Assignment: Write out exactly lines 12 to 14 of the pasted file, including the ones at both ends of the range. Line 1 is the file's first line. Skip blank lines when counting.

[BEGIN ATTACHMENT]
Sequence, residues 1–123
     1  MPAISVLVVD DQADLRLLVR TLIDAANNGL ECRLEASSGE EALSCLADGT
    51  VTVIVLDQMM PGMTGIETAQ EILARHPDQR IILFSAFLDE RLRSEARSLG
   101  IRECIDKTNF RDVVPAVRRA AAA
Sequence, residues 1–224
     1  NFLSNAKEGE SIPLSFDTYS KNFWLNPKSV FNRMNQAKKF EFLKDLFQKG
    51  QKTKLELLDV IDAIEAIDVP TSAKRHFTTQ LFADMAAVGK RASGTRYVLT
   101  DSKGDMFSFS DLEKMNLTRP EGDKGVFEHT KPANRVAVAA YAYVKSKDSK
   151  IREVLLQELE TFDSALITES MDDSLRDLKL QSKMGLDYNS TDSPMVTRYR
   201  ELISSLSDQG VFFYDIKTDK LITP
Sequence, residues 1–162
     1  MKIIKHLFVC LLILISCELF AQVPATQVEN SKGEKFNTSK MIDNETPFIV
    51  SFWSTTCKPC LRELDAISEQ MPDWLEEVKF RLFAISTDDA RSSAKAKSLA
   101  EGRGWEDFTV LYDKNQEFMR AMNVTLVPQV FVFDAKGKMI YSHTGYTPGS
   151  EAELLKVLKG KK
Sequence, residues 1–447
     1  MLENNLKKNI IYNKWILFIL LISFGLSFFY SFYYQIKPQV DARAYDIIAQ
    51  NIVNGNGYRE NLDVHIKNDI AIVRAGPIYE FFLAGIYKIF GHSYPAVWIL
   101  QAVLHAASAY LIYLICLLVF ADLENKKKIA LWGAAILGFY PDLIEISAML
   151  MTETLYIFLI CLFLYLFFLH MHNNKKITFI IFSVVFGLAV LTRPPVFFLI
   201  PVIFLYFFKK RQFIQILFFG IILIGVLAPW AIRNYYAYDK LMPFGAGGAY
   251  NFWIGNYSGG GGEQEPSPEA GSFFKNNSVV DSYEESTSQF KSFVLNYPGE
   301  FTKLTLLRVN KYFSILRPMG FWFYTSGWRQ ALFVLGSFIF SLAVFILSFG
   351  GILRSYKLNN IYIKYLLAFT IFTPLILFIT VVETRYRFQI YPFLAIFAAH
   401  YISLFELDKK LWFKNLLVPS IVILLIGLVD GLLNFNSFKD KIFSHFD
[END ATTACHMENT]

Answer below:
     1  MKIIKHLFVC LLILISCELF AQVPATQVEN SKGEKFNTSK MIDNETPFIV
    51  SFWSTTCKPC LRELDAISEQ MPDWLEEVKF RLFAISTDDA RSSAKAKSLA
   101  EGRGWEDFTV LYDKNQEFMR AMNVTLVPQV FVFDAKGKMI YSHTGYTPGS